Christmas in Syria is an inspiring display of Muslims and Christians mingling in peace

Author: Zaher Sahloul

Publication Date: 23/12/2021

Source: Chicago Tribune

If Jesus Christ descends from heaven to earth, he will be able to speak in his native language only to the people of three Syrian villages northwest of Damascus. The Christian village of Malula and its neighboring Muslim villages, Jabadeen and Bakhaa, represent the last outposts of spoken Aramaic, which was the language Jesus spoke in Galilee two millenniums ago. As a Syrian Muslim, I, like all Syrians, cherish that fact.

All Syrians are also proud to say that their homeland has the tomb of John the Baptist, a prophet who is revered by Muslims and Christians. Damascus has the path where St. Paul converted to Christianity, and Aleppo has the church of St. Simeon Stylites the Elder, a Syriac ascetic saint who achieved fame for living 37 years on a small platform on top of a pillar near Aleppo.

Contrary to the common perception in the U.S., Syria was and still is an oasis of diversity and vibrant interfaith life. In Syria, there are more than 27 religious and faith communities that have been living together for centuries. The current sectarian tension in some areas is a relatively new phenomenon promoted mostly by the Syrian regime to advance its political agenda at the expense of the historical communities that lived and worshipped together for a long time.

My city, Homs, also known as the windy city for its real winds, is known for its two famous religious sites: the Mosque of Khalid Ibn Al-Waleed, a legendary Muslim hero who chose to live and die in Homs and gave it his name, and Church of Our Lady of the Belt, where myth has it that the belt of Virgin Mary is buried deep under its ground.

In Homs, there are Orthodox, Armenian, Maronite, Catholic and Anglican Christians who lived happily together with their Muslim neighbors long before the birth of my adopted homeland. All preserved their rituals, culture and languages through the ages.

The old city of Homs, once considered as the center of the Syrian revolution, has two Christian neighborhoods — Bostan Aldiwan and Alhamedeyya — hugging the mixed neighborhoods of Bab Todmor (Palmyra Gate) and Bab Alsibaa (The Lions Gate).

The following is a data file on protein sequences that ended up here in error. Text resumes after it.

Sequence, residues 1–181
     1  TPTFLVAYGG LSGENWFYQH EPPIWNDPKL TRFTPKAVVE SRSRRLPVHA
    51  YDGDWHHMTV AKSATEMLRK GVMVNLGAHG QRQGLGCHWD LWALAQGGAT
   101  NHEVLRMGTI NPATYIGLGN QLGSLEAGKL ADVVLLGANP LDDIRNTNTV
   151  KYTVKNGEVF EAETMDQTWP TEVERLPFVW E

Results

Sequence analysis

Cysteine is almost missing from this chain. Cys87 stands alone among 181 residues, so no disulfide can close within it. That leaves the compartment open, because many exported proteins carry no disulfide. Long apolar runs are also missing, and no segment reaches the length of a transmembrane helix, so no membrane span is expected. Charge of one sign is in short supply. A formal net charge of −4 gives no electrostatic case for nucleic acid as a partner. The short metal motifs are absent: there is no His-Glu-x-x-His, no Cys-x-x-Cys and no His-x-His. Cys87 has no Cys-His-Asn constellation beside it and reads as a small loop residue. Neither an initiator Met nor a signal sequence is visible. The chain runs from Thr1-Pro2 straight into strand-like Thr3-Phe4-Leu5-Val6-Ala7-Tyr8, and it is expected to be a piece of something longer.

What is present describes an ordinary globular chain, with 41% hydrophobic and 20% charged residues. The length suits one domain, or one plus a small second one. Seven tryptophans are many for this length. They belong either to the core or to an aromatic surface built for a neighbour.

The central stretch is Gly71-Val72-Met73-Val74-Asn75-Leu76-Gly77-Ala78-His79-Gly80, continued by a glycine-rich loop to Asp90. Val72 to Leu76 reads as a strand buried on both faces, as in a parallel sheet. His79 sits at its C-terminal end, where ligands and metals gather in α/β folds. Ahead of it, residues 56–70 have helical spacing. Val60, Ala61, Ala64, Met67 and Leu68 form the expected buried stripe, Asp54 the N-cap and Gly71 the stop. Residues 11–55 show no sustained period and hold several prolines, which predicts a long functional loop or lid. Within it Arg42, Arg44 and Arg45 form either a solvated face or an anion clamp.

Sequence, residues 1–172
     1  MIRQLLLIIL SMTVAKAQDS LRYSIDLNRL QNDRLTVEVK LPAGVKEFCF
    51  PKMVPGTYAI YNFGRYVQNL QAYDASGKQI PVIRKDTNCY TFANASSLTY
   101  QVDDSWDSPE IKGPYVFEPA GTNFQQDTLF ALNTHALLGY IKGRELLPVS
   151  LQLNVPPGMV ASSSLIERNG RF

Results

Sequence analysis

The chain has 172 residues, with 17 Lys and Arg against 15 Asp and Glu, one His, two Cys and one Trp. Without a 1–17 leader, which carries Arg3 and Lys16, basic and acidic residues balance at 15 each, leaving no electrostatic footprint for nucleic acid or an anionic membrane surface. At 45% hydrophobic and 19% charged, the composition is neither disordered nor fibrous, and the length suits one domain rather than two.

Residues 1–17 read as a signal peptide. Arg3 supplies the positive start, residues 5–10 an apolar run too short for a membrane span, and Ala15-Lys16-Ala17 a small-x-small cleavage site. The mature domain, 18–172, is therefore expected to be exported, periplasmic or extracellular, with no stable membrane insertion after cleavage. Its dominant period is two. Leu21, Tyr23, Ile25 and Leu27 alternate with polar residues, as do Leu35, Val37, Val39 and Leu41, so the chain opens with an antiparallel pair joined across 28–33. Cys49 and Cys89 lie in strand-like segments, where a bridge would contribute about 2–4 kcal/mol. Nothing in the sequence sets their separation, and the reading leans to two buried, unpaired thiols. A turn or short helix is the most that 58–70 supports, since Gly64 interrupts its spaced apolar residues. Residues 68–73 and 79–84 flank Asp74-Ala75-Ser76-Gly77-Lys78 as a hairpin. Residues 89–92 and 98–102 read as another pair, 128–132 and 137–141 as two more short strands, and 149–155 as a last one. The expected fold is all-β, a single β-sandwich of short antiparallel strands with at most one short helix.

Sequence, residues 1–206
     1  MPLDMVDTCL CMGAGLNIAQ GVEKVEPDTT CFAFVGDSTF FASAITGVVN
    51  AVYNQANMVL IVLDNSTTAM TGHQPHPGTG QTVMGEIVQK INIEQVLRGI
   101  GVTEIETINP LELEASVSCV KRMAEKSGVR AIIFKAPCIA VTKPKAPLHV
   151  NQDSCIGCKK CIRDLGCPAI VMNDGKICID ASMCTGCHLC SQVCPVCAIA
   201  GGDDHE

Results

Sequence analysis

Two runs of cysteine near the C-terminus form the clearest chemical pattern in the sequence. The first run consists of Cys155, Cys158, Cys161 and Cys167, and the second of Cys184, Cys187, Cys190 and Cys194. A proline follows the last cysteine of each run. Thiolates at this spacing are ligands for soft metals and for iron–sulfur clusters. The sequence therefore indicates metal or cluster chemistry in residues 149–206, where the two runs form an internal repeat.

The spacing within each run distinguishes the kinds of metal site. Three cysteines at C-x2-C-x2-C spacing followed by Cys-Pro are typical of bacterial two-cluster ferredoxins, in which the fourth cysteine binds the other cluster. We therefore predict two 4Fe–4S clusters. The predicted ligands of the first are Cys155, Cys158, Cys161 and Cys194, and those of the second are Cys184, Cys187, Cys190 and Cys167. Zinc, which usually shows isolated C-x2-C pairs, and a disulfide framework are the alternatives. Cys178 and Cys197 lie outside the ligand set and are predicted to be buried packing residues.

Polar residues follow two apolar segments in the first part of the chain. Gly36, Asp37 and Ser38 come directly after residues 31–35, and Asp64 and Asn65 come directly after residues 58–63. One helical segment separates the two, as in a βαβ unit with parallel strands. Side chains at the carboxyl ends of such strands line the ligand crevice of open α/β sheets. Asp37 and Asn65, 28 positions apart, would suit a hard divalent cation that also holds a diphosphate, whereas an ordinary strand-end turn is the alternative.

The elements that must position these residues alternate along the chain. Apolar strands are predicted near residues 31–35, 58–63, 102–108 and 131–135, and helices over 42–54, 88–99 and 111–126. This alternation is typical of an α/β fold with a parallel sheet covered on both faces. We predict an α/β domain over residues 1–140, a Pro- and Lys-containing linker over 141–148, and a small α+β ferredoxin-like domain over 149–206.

Church of Our Lady of the Belt, an Orthodox church, leans on the historical Mosque of Abo Alhol, a Muslim saint. A special fusion Muslim-Christian religious holiday is called “Sweet Thursday” or the “Thursday of Saints,” a unique holiday for the city when all people celebrate the day by cooking special Homsi sweets.

Some Christian mothers name their male child Mohammad if God blessed them with a child after a long wait, while Muslim women and men pray at the historical “blessed” site of Our Lady of the Belt seeking a cure for their illnesses. Many Muslim families send their children to learn at private Christian schools, and many Christian students learn and memorize parts of the Quran.

Muslims use Christian terms like “We thank our Lord” and “May the Lord bless you,” and Christians speak like Muslims, saying, “Inshallah, Alhamdulillah, Assalam Alaikum and Bismi Allah.” Some prominent Homsi families have both Muslim and Christian members. Eisa (Jesus) is a common Muslim name, and interfaith dialogue is called neighborly relations.

Christmas is a holiday for all in Homs as it is the Muslim holiday of Eid. Muslims greet their Christian friends by saying, “Eid Milad Saeed,” the Arabic equivalent of “Merry Christmas.” Retail stores have their holiday sales, and Christmas festivities fill the atmosphere. Santa is called Noel Baba or Father Christmas, reflecting the true historical figure who lived in nearby Turkey. He also brings gifts to children, although Christmas is much less commercialized in Syria.

During Christmas, Muslim families visit churches and their Christian neighbors. Some Muslim families have Christmas trees in their houses. The sound of Muslim call for prayer intertwines with the sound of church bells while the smell of Homsi sweets fills the narrow streets of the old city. Local TV and radio stations air Christian songs.

Muslim and Christian youth perform the local folkloric Aradha wearing colorful dresses, chanting mythical songs about Homs, the city of peace and den of lions.


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